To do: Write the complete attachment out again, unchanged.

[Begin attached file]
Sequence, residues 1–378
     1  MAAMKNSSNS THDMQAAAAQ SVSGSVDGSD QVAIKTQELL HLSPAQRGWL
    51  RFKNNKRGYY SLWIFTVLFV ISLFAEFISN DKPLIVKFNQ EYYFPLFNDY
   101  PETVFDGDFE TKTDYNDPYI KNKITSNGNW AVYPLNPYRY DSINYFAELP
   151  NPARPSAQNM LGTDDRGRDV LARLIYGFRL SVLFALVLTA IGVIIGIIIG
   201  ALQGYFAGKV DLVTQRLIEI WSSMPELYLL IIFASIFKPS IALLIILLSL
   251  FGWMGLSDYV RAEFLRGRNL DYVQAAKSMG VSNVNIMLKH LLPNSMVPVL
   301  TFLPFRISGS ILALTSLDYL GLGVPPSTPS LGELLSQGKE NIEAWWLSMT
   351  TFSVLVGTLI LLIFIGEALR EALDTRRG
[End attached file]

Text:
Sequence, residues 1–378
     1  MAAMKNSSNS THDMQAAAAQ SVSGSVDGSD QVAIKTQELL HLSPAQRGWL
    51  RFKNNKRGYY SLWIFTVLFV ISLFAEFISN DKPLIVKFNQ EYYFPLFNDY
   101  PETVFDGDFE TKTDYNDPYI KNKITSNGNW AVYPLNPYRY DSINYFAELP
   151  NPARPSAQNM LGTDDRGRDV LARLIYGFRL SVLFALVLTA IGVIIGIIIG
   201  ALQGYFAGKV DLVTQRLIEI WSSMPELYLL IIFASIFKPS IALLIILLSL
   251  FGWMGLSDYV RAEFLRGRNL DYVQAAKSMG VSNVNIMLKH LLPNSMVPVL
   301  TFLPFRISGS ILALTSLDYL GLGVPPSTPS LGELLSQGKE NIEAWWLSMT
   351  TFSVLVGTLI LLIFIGEALR EALDTRRG